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ROGER OF WENDOVER Flowers of history. The history of England from the descent of the saxons to A.D. 1235. vol.1


Sir John Froissart's Chronicles of England, France, Spain and the Ajoining Countries from the latter part of the reign of Edward II to the coronation of Henry IV in 12 volumes 

Chronicles of Enguerrand De Monstrelet (Sir John Froissart's Chronicles continuation) in 13 volumes 

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Flowers of history. The history of England from the descent of the saxons to A.D. 1235. vol.1
page 202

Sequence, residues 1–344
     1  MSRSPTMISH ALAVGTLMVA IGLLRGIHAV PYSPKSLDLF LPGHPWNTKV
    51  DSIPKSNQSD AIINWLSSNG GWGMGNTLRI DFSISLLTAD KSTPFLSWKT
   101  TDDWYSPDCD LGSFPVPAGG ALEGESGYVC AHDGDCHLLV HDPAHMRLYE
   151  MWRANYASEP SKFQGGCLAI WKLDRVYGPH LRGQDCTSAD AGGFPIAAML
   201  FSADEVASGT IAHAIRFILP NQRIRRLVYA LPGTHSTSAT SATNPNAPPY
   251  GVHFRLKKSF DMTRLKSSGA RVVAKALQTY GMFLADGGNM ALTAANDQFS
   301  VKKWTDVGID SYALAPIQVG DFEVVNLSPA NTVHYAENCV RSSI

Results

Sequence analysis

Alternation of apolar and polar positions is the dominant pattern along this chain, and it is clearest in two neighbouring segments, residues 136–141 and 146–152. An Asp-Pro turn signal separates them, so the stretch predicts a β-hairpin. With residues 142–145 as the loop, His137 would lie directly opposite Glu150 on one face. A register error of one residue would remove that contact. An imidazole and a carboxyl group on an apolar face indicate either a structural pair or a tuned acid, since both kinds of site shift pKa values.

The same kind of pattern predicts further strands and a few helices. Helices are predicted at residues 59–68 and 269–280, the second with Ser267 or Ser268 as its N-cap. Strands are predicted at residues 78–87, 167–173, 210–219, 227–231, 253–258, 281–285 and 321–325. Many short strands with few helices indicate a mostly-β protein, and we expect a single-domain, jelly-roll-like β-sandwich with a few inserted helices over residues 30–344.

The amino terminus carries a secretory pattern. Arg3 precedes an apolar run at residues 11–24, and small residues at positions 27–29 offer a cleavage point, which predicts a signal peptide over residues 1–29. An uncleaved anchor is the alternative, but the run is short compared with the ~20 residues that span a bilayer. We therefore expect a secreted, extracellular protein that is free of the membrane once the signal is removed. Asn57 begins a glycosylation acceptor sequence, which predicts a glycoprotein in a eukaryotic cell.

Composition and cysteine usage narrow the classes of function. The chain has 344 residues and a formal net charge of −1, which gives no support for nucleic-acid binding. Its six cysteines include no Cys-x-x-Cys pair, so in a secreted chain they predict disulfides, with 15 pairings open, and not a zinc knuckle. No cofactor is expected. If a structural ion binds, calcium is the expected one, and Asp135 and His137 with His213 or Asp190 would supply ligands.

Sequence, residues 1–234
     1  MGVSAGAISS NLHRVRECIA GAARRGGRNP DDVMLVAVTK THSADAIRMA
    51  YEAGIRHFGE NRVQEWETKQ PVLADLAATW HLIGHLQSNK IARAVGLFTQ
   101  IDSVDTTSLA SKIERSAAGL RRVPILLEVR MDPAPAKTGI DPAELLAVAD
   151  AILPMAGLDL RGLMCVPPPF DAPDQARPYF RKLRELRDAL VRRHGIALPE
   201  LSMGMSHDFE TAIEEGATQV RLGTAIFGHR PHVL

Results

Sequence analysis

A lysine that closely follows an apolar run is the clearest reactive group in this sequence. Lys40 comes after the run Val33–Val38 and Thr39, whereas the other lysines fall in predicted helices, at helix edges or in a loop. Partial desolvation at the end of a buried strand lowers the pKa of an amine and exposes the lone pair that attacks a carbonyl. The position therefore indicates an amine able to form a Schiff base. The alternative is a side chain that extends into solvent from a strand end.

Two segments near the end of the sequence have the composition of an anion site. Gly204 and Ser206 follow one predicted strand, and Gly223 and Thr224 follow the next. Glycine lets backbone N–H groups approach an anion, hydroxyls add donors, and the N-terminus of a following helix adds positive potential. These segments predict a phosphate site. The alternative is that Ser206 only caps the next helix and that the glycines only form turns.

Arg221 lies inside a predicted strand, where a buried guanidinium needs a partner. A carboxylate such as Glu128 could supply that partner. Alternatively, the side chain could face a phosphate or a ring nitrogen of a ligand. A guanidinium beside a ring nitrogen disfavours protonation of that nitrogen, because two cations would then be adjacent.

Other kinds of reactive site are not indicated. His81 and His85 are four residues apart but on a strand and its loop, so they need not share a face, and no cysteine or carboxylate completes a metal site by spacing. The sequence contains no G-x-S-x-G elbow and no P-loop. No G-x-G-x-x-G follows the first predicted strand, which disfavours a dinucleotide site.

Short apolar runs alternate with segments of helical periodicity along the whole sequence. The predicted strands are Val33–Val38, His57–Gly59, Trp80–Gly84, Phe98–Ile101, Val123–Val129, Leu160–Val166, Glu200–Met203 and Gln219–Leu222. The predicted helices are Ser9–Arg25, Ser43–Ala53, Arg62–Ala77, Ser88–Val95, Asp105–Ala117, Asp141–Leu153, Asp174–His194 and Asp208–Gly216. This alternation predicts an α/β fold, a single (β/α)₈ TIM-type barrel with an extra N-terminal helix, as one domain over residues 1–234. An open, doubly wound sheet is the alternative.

A.D. 870.] BATTLE OF THETFOKD. who had been sent by the impious Hinguar, the most blessed king Edmund addressed him as follows :— " Stained as you are with the blood of my people, you deserve the punishment of death ; but following the example of my Christ, I do not shrink from willingly dying for his sake, if it shall so befall ; hasten, then, back to your master and bear him my reply. Though you may violently rob me of the wealth which divine Providence hath given me, you shall not make me subject to an infidel; for it is an honourable thing to defend our liberties and the purity of our faith ; and, if need be, we deem it not in vain even to die for them. Proceed, then, as your haughty cruelty has begun, and after slaying the servants, slay also the king, for the King of kings regards me, and will translate me to reign for ever in heaven." Battle between king Edmund and Hinguar. On the departure, therefore, of the fierce messenger, king Edmund commanded his companions to fly to arms, declaring it to be an honourable thing to fight lor one's faith and country, and exhorting them not to betray the same by their cowardice. Encouraged, therefore, by bishop Humbert and his nobles and companions in arms, the most blessed king Edmund advanced boldly against the enemy with all the forces he could raise, and falling in with them as they came to meet him not far from the town of Thetford, he fought a severe battle with them, in which both sides sustained excessive loss, inflicting mutual slaughter from morning until evening, so that the whole field was red with the blood of the slain, insomuch that the most pious king Edmund not only sorrowed for the slaughter of his companions fighting for their country and for the faith of Jesus, and who he knew had attained the crown of martyrdom, but also bitterly bewailed the fate of the infidel barbarians who were precipitated into the gulf of hell. After the pagans had retired from the place of slaughter, king Edmund, the most blessed confessor of Christ, led the residue of his forces to the royal vili of Haeilesdune, stedfastly purposing in his mind never again to fight with the barbarians, and declaring that it was necessary that he alone should die for the people, that the whole nation might not perish.

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